- Articles (12)
- Aviation Accident (2)
- Birth injury (8)
- Bus Accidents (7)
- Car Accidents (189)
- Drunk Driving Accidents (1)
- Firm News (58)
- Medical Malpractice (107)
- Medication Errors (2)
- Personal Injury (106)
- Premises Liability (3)
- Product Liability (24)
- Tort Reform (4)
- Truck Accidents (51)
- Workplace Accidents (11)
- Wrongful Death (38)
Tasked with protecting the public from negligent health professionals, the Tennessee Department of Health releases a ...
Kinnard, Clayton & Beveridge is pleased to announce that Attorney Mary Ellen Morris has been elected to the Fellows ...
No one wants a child to suffer a preventable injury, but statistics show it can and does happen – especially when ...
Kinnard Clayton & Beveridge is pleased to announce that four of our firm’s attorneys (Randall Kinnard, Daniel Clayton, ...
Tennessee legislation takes step to curb drunk driving
Posted By Kinnard, Clayton & Beveridge || Dec 6, 2013
With Thanksgiving behind us, we are officially in the holiday season. For many Tennessee residents, while this is a time to spend with family, this is also a time many imbibe in one too many adult beverages. And while there is nothing inherently wrong with a legal-aged adult having some drinks, the problems arise when those drinking decide to get behind the wheel.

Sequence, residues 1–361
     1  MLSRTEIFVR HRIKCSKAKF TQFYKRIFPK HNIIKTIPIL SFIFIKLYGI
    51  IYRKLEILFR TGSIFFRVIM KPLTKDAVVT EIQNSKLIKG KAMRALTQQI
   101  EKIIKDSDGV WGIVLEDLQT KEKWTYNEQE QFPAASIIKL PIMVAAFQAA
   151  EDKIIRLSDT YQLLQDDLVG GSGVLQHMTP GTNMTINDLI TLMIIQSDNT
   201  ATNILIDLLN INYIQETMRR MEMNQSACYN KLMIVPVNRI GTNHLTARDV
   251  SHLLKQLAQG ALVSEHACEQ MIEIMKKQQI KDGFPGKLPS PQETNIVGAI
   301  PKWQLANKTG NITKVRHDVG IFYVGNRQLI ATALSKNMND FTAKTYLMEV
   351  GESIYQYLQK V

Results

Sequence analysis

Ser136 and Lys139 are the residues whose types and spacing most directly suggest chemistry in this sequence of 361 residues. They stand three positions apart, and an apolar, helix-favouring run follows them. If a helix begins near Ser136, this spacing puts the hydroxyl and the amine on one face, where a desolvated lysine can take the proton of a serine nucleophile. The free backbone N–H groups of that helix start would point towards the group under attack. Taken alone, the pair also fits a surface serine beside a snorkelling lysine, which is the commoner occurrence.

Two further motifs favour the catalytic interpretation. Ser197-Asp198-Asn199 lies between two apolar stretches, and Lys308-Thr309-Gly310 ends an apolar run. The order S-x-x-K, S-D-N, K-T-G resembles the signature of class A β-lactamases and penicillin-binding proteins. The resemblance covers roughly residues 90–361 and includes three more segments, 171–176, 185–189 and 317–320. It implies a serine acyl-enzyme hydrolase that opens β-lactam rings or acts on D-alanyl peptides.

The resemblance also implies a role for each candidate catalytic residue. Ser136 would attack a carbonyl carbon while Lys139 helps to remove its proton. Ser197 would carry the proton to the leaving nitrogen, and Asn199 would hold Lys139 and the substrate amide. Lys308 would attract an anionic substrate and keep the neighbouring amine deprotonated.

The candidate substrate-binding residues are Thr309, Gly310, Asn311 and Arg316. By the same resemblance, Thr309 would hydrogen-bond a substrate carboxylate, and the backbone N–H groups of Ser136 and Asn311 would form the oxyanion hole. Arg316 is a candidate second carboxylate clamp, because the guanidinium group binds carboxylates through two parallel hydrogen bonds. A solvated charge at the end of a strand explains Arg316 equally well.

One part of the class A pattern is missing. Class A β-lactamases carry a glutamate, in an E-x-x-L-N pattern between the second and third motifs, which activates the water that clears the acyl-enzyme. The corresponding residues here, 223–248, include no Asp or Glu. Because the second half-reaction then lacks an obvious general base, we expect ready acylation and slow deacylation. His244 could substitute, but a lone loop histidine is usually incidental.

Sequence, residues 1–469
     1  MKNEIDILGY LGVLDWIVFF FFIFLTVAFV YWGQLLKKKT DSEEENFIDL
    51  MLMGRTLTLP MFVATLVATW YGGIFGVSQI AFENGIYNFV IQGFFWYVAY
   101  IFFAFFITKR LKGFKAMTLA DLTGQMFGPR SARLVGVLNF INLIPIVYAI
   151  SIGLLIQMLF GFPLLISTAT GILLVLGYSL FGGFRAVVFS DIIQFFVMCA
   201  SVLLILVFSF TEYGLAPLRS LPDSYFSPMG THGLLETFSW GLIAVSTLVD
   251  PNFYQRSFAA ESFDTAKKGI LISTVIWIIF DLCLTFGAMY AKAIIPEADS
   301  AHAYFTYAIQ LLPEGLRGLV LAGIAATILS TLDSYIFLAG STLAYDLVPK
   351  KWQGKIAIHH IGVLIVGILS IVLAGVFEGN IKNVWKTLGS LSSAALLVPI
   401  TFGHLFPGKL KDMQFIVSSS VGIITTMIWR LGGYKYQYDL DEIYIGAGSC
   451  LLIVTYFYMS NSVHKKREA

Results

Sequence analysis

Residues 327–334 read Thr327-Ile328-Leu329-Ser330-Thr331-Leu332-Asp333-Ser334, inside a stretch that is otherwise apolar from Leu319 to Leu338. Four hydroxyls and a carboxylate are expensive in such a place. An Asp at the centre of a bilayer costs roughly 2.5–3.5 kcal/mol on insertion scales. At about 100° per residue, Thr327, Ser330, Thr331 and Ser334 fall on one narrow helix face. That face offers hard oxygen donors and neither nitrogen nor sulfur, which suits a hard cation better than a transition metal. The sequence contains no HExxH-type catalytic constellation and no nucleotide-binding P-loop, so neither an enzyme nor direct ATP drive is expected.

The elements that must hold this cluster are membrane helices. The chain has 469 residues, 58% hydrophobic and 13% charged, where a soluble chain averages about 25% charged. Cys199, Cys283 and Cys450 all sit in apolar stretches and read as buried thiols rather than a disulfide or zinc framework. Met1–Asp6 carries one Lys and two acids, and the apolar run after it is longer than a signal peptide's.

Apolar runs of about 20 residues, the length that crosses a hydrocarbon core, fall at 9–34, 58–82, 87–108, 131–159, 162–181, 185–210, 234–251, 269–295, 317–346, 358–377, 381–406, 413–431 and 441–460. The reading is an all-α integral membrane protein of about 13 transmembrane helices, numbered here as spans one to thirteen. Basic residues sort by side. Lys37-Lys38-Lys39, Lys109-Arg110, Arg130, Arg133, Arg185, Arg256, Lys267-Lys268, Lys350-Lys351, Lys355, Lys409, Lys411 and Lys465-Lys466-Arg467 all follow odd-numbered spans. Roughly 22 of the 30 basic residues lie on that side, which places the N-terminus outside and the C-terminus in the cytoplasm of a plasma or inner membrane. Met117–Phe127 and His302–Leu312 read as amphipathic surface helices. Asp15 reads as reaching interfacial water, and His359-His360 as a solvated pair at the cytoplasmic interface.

Recently, MADD reported a victory when Tennessee became the 19th state in the country to make ignition interlock devices a requirement for all convicted drunk drivers who have had their driver's licenses suspended. This is the type of legislation that MADD pushes across the country.
According to the Centers for Disease Control and Prevention, installing an ignition interlock device in a convicted drunk driver's car is more effective than just license suspension when it comes to getting them to stop driving. This is because unlike a suspension, where a driver can decide to risk driving without a license, an ignition interlock device requires a driver to blow into a device. If the device detects alcohol above a certain limit, the vehicle will not start.
With this legislation, convicted drunk drivers in Tennessee -- with restricted driving privileges -- will be required to have the device installed in their vehicles for a period of six months.
The hope is this will prevent convicted drunk drivers from making the same mistakes, while also deterring people from driving drunk in the first place.